Wendy  Hsu

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Wendy Hsu is a PhD Candidate in the Critical and Comparative Studies in Music program at the University of Virginia. She is currently working on her dissertation, an ethnography that explores the social and musical life of Asian American musicians actively performing in independent (indie) rock music scenes. In research, she is interested in developing digital methods that extend and reconceptualize ethnographic processes in contemporary contexts. With the support from the Graduate Fellowship in the Digital Humanities offered by the UVa Scholars’ Lab, she implemented methods of digital fieldwork, applying web-scraping techniques to map the social networks of the musicians in her dissertation research.

  • Join Dzian! for a Night of Nakashi Dance Overload on Saturday

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    I’m excited to announce that my band Dzian! — this year’s THATCampVA house band — has prepared a Nakashi Go-Go Dance Overload for Saturday night. At 12th Street Tap House, We will play two sets of vintage pan-Asian surf and garage rock, some obscure, some among your favorites perhaps. A few numbers will feature our very Nakashi Dancers, who will be performing their own brilliant (and historically accurate) dance choreography. As the night deepens, we expect to host a go-go dance-off. If you’re curious about the format of the dance-off, check out this video, circa 1966, Japan.

    Geek Bash with Dzian!
    Time: 9pm – midnight or later
    Location: 12th Street Tap House, 1202 W. Main Street, Charlottesville
    Attire: Dress to Dance – Think 1960s
    RSVP: Facebook Event

  • A Digital(-Humanist) Ethnography

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    I’m an ethnographer of contemporary rock music-cultures. And I love the experimental spirits among digital humanists. At THATcampVA, I would like to re-imagine the possibility of a digital ethnography. My main question is: how can digital technology facilitate field research and ethnographic ‘writing’?

    Rather than texts, ethnographers’ objects of intellectual interest are social interactions and cultural practices. Anthropologists and ethnomusicologists, whose primary mode of research has been participant-observation, have conventionally privileged the traditional, non-mediated, live, and experiential over the fixed, mediated, and textual, in their field participation. In the last decade or so, they have started to see the value in studying non-physical and mediated, and oftentimes software environments, thereby extending the notion of the ‘field.’ How may digital tools facilitate the processes of observing and participating in these newly defined “fields” that are now digitally mediated? Email and engagement with social media are becoming a normative mode of interaction for many individuals in many societies. Many ethnographers use digital communication methods to find, reach, and contact their informants. In my dissertation (on the Asian American experiences of indie rock music), I spent countless hours locating musicians online, using either Google or social network sites such as Myspace, Facebook, Twitter, and Last.FM. How can we as ethnographers, besides hanging out in a chat room or on a discussion forum, take a snapshot of these digital social media interactions? What are the social, political, and institutional implications of such digital contacts, versus conventional methods of flying to a distant location and meeting someone face-to-face? Digitally mediated communication allows the user to reach far. It is a technology of horizontal expansion. What does “in-depth” fieldwork look like in the milieu where communication is often digitally mediated?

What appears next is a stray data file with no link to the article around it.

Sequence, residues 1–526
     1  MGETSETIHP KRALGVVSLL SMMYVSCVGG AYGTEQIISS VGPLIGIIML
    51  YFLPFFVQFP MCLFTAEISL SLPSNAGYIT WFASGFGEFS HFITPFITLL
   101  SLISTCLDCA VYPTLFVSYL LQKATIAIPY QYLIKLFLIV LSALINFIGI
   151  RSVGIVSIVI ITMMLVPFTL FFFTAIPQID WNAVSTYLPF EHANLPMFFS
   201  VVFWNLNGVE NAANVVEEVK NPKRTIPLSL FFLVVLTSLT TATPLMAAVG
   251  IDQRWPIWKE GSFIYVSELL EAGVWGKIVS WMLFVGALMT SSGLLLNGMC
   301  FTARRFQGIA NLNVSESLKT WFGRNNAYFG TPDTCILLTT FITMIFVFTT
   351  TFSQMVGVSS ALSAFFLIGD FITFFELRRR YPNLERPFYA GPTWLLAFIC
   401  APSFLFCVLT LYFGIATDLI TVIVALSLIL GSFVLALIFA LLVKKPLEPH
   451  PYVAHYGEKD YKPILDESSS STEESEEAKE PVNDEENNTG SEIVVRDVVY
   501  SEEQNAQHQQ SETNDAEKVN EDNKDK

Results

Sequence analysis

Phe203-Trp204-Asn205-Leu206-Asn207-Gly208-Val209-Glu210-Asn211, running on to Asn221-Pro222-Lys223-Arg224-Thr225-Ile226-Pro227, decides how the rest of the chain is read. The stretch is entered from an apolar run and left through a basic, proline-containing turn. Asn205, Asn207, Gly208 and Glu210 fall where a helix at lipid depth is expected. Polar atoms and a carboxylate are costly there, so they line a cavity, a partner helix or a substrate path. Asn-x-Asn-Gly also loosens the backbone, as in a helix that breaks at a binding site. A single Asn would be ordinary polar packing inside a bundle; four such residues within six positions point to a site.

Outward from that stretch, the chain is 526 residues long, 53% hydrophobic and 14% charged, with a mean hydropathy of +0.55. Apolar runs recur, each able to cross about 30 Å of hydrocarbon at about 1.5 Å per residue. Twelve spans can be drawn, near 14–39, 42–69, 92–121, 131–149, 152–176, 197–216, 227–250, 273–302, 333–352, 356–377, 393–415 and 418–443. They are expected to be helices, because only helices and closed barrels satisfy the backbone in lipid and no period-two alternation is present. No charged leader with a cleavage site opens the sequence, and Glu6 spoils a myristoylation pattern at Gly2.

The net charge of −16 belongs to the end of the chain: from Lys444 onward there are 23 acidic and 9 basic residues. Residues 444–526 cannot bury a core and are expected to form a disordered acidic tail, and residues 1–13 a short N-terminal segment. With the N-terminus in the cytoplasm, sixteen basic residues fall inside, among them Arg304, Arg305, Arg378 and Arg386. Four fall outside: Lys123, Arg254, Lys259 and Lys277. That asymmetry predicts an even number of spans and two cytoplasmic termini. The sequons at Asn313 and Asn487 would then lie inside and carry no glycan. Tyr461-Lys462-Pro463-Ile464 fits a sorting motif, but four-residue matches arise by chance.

Ethnographic writing involves a set of processes distinct but related to field research. What technological extensions may further the tasks of documenting, analyzing, articulating, and representing field observations and interactions? In my dissertation, I leveraged a geo-spatial visualization tool to map the Myspace “friend” networks of the musicians in my dissertation. These visualizations enabled me see patterns of social linkage that I hadn’t anticipated. They also allowed me to generate more questions about ethnic belonging and transnational communities. So, what other digital methods could extend our capacities as ethnographic documentarians and analysts? What are the intellectual advantages (and disadvantages) of digitizing an otherwise live and non-mediated experience or interaction?

    Digital humanists have developed an emerging set of sophisticated theories around the issues of texualization and archiving. To relate to these inquiries, I find that it may be useful to consider the act of ethnographic ‘writing’ as a form of textualization. So in the instance of articulating field data, we may be creating an archive of texts that interpret cultural practices. If that’s the case, my digital maps make up a cultural archive that documents and interprets the songs and performances of the musicians in my project. More flexible than  conventional archive (a published journal article or book), a digital  archive can be closer to life because it is akin to the performative practice of  building a repertory from which agents draw scripts,  meanings, and inspirations. I’m interested to hear what everyone thinks  about the experimental possibility and pragmatic processes of the digital mapping of social and cultural practices. I’m also interested in exploring the notion of a digital archiving or mapping as a performative ethnographic “writing” process.

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